Schübel et al. (2018)24 Nonsmokers+BMI 25−39.9 kg/m2+age 35–65 yr Consume ~80% of the individual energy requirement daily Restrict energy intake for 2 day/wk to 25% of the individual energy requirement+a eucaloric balanced diet for the remaining 5 day/wk 5:2 12 12 26 49 46 49 49 47 49
Sundfor et al. (2018)25 Age 21−70 yr+BMI 30−45.0 kg/m2 [Energy expenditure per week–(400/600 kcal for woman/man) × 2]/7 Consume 400/600 (woman/man) kcal/wk for 2 day/wk+consume food as usual for the remaining 5 day/wk 5:2 26 26 58 56 58 54 53 54
Headland et al. (2019)28 BMI ≥ 27 kg/m2+ age ≥ 18 yr Estimated reduction of 30% of requirements daily Consumed a VLED for 2 day/wk at 2,100 kJ/day for women and 2,520 kJ/day for men+5 day/wk of habitual eating 5:2 52* 104 53 NA 118 49 NA
Kunduraci et al. (2020)13 MS+age 18–65 yr+ BMI ≥ 27 kg/m2 Reduction of habitual energy intake by 25% Reduction of habitual energy intake by 25%; for a 16-hour fasting period, no food and calorie drinks were consumed; for the other 8 hours, participants followed an energy-restricted diet. 8 hr 12 35 33 NA 35 32 NA
de Oliveira Maranhao Pureza et al. (2021)33 Women+age 19−44 yr+obesity (the presence of two of the following three criteria was adopted: BMI 30−44.9 kg/m2; WC ≥ 88 cm; and body fat ≥ 35% determined by BIA) Total energy expenditure 500−1,000 kcal Eat only in a 12-hour feeding window and fast for the other 12 hours 12 hr 52 27 14 27 31 13 31
Gray et al. (2021)34 Women+age ≥ 18 yr+a previous diagnosis of GDM+BMI ≥ 25 kg/m2 Follow a diet of 1,500 kcal (6,000 kJ) per day Follow a very low-energy diet of 500 kcal (2,100 kJ) per day for 2 day/wk+follow habitual eating pattern for the remaining 5 day/wk 5:2 52 60 30 NA 61 32 NA
Razavi et al. (2021)37 MS+age 25–60 yr+25 BMI 25−40 kg/m2 Consume 75% of energy need each day Consume a very low-calorie diet (75% energy restriction) during the 3 fast days (Saturday, Monday, and Wednesday)+consume ad libitum on feed days (4 day/wk) 4:3 2 16 40 37 NA 40 38 NA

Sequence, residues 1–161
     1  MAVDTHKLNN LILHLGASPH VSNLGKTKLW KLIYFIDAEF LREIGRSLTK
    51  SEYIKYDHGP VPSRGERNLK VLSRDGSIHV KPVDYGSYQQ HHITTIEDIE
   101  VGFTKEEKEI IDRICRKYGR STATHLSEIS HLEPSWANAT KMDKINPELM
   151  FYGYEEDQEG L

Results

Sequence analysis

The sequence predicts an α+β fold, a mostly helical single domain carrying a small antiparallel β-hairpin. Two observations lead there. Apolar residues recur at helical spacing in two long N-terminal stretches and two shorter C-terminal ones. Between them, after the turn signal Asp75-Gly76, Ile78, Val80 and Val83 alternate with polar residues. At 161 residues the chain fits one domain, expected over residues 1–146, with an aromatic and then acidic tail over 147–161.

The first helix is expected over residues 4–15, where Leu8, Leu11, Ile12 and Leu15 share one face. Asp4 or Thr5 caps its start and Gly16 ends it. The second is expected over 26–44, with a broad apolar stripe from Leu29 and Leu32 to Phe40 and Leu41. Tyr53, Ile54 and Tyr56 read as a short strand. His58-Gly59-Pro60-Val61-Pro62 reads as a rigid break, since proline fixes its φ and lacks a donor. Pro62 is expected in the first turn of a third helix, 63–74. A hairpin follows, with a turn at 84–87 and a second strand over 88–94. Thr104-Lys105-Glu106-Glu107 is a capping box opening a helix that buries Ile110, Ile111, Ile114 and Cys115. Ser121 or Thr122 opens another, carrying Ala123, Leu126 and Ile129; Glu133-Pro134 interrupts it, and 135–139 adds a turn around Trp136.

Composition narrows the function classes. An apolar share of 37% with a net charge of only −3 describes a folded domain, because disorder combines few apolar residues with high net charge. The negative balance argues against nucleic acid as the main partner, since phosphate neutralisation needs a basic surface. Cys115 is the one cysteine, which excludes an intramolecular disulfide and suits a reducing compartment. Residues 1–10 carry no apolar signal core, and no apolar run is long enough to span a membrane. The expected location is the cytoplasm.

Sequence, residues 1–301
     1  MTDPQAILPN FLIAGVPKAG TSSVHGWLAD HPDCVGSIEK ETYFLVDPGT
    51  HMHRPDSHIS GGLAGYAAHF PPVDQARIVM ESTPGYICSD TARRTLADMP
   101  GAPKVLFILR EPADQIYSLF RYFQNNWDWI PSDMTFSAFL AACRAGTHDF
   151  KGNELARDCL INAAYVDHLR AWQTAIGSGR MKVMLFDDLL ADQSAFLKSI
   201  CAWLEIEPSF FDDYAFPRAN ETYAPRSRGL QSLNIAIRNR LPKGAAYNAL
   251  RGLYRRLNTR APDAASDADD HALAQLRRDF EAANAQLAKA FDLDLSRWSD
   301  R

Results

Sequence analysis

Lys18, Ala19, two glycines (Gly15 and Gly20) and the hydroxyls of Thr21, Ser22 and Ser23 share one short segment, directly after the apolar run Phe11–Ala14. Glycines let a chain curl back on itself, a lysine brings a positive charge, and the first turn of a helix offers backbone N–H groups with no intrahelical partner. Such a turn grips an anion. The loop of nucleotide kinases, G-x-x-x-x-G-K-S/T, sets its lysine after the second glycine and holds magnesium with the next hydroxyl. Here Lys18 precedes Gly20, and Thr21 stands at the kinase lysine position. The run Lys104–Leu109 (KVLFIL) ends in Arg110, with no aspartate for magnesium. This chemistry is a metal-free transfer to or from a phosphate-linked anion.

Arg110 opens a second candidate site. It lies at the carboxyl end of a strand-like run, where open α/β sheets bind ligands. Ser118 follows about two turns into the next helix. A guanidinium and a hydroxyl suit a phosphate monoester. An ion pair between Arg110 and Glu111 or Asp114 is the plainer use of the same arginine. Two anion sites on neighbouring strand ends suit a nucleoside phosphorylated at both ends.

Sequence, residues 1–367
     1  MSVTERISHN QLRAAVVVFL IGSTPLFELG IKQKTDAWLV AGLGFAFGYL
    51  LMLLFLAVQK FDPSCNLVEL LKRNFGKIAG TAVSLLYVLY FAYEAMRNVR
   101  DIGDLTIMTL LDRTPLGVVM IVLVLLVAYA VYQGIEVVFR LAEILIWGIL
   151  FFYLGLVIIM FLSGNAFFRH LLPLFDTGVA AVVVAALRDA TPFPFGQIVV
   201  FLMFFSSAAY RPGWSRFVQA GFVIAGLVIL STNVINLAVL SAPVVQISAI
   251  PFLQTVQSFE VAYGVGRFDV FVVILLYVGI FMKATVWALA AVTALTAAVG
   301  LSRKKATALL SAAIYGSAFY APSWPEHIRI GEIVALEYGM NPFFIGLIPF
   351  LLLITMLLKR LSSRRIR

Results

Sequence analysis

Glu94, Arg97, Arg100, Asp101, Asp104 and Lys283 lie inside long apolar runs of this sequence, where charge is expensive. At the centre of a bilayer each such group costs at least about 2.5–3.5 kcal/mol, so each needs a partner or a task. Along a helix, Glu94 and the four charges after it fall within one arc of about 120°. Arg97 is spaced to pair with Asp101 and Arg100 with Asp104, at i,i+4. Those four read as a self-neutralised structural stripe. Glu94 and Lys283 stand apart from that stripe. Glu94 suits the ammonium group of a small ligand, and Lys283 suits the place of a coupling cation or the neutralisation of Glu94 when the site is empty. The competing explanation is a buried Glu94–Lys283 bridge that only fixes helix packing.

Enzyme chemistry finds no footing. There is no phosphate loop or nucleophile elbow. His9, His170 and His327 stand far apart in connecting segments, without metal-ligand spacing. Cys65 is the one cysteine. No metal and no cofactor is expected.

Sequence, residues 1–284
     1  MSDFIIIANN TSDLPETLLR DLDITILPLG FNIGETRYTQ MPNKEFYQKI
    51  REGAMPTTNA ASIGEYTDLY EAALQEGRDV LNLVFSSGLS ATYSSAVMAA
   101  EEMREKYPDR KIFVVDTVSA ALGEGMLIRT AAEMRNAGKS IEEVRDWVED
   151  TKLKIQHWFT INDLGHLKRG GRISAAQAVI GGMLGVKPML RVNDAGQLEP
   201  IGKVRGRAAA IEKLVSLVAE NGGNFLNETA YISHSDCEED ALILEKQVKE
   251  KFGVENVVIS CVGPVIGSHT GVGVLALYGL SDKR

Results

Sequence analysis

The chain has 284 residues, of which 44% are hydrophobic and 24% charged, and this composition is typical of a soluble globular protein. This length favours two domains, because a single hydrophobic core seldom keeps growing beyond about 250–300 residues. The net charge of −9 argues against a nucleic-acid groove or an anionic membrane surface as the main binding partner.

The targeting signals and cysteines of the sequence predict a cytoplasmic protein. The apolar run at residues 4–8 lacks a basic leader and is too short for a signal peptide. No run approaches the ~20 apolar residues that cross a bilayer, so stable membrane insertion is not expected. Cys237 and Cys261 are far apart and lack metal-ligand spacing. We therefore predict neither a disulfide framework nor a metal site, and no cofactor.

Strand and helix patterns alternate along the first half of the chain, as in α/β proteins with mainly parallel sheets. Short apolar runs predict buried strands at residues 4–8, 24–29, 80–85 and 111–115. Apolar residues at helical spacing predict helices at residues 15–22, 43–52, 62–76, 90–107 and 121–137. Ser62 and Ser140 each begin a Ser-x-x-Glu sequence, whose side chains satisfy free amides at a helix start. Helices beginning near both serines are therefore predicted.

Steger et al. (2021)38 Age 21–65 yr+BMI 25–35 kg/m2 1,200−1,600 kcal/day with 3 meal replacement shakes and 2 portion-controlled entrees+5 cups fruits/ vegetables A structured VLED of 550−800 kcal 3 day/wk+ healthy eating guidelines for the other 4 day/wk 4:3 12 12 17 14 17 18 14 18

*The study did not describe the durations of active weight loss and weight maintenance clearly. From the visit schedule and study flowchart, the initial 8-week period was thought to be the intensive weight loss period. However, the participants lost body weight steadily in all groups until at least 28 weeks; thus, we considered the study duration to be 52 weeks.

IER, intermittent energy restriction; CER, continuous energy restriction; ITT, intention-to-treat; BMI, body mass index; 5:2, periodic fasting with 5 days of non-fasting and 2 days of fasting; NA, not applicable; ADF, alternate day fasting; T2DM, type 2 diabetes mellitus; VLED, very low-energy diet; MS, metabolic syndrome; WC, waist circumference; BIA, bioelectrical impedance analysis; GDM, gestational diabetes mellitus.